Sean Spicer told the world on Tuesday that, no, microwaves are not a good way to spy on people.
That was in response to Queen of Alternative Facts Kellyanne Conway, who recently said these kitchen appliances are just one of the many ways Big Brother may have been watching Donald Trump during his campaign (as he believes but has not yet proven).
Claiming Conway's earlier comments were "made in jest," Spicer didn't completely rule out the possibility of microwave spying: "The microwave is not a sound way of surveilling someone," he told reporters.
Like so much of what Spicer says, it leaves plenty of room for error — a fact Chelsea Clinton, who has proven to be a deft online critic of the Trump administration, couldn't help pointing out on Twitter.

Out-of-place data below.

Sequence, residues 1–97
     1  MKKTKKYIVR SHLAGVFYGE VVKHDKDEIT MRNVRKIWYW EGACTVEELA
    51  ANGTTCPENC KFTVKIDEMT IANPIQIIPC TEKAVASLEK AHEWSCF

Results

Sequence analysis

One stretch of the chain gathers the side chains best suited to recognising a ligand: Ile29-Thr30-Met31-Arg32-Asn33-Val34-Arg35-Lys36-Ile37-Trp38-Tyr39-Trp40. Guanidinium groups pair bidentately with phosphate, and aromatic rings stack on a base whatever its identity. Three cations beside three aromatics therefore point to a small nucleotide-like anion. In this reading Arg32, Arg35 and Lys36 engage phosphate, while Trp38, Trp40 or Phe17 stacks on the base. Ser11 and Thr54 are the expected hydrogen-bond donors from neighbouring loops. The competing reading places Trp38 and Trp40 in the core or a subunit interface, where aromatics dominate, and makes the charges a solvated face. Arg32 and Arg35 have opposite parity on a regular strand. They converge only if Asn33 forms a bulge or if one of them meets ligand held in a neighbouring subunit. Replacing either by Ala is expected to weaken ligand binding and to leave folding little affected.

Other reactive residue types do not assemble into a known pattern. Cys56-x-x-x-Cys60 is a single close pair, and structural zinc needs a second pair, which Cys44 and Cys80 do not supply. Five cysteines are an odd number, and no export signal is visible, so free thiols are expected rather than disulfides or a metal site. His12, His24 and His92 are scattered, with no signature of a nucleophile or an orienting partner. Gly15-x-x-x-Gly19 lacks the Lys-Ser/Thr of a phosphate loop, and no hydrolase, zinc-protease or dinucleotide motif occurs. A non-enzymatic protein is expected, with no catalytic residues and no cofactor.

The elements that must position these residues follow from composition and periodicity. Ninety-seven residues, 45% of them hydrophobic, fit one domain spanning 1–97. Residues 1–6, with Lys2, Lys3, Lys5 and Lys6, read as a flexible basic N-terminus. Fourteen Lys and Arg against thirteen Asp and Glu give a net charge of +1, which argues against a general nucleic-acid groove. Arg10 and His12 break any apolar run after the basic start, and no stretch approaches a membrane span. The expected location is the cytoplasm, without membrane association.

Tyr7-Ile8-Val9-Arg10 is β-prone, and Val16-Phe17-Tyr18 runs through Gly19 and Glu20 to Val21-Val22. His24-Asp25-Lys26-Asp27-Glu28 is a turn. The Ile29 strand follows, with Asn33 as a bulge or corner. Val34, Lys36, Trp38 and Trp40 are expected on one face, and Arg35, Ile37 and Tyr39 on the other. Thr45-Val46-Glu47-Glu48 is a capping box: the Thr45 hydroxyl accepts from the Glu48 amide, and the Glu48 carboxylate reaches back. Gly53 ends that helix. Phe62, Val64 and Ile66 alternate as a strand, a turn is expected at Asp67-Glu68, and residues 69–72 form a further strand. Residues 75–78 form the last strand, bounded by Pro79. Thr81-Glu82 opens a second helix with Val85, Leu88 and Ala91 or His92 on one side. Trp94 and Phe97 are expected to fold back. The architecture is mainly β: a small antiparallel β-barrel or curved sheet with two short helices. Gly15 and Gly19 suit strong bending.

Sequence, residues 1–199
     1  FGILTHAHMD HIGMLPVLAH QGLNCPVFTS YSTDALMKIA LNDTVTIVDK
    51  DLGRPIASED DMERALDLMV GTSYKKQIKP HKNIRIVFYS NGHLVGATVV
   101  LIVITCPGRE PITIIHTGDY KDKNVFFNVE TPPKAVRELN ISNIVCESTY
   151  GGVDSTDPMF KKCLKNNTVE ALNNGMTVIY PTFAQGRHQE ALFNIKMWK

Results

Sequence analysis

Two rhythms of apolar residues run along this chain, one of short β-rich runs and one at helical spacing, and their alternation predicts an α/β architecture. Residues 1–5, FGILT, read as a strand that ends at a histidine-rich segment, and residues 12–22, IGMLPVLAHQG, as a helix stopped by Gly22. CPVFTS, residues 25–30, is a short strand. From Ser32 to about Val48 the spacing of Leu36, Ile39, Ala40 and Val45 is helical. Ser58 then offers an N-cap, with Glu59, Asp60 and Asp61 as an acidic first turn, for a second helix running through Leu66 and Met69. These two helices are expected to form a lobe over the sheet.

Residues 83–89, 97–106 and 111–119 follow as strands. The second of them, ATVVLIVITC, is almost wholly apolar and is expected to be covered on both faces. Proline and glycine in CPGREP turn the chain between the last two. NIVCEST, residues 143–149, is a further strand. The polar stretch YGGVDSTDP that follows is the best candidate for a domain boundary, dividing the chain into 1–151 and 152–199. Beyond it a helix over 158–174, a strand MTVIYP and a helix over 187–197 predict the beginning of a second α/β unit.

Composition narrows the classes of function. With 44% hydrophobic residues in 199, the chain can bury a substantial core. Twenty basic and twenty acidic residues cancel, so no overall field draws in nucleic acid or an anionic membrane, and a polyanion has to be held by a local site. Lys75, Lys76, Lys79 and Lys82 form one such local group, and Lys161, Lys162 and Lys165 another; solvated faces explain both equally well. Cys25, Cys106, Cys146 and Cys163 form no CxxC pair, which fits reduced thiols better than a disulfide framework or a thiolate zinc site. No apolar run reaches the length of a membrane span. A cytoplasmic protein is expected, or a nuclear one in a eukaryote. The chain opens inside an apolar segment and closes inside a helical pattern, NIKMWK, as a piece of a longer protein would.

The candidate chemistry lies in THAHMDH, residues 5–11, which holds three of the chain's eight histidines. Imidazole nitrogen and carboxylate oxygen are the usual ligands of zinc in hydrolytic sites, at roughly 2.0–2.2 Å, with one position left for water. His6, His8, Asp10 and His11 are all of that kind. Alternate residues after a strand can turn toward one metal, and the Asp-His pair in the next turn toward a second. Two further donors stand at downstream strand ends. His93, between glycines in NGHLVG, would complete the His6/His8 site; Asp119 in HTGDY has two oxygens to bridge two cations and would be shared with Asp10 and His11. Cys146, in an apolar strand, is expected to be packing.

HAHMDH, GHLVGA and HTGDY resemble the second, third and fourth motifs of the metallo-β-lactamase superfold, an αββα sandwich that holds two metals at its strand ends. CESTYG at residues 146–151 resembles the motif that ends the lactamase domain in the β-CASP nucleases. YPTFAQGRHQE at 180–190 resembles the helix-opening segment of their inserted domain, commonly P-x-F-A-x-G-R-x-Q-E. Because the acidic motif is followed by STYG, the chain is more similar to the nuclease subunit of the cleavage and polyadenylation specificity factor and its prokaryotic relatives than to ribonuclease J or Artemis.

It's a question worth asking. Earlier this week, Kellyanne Conway — who did not particularly appear to be joking — said that this sort of kitchen-based spying is a very real part of the 21st Century. "We know this is a fact of modern life," she said, also offering no evidence to back up the claim.
"There was an article this week that talked about how you can surveil someone through their phones, certainly through their television sets, any number of different ways. And microwaves it turned into cameras, et cetera."
She later tried backing down from the claims, saying she was talking about, you know, surveillance stuff in general.
"I don’t believe people are using the microwave to spy on the Trump campaign," she said.
Wait for it...
"However ... I’m not in the job of having evidence. That’s what investigations are for."
It appears making factual statements isn't on her to-do list after all.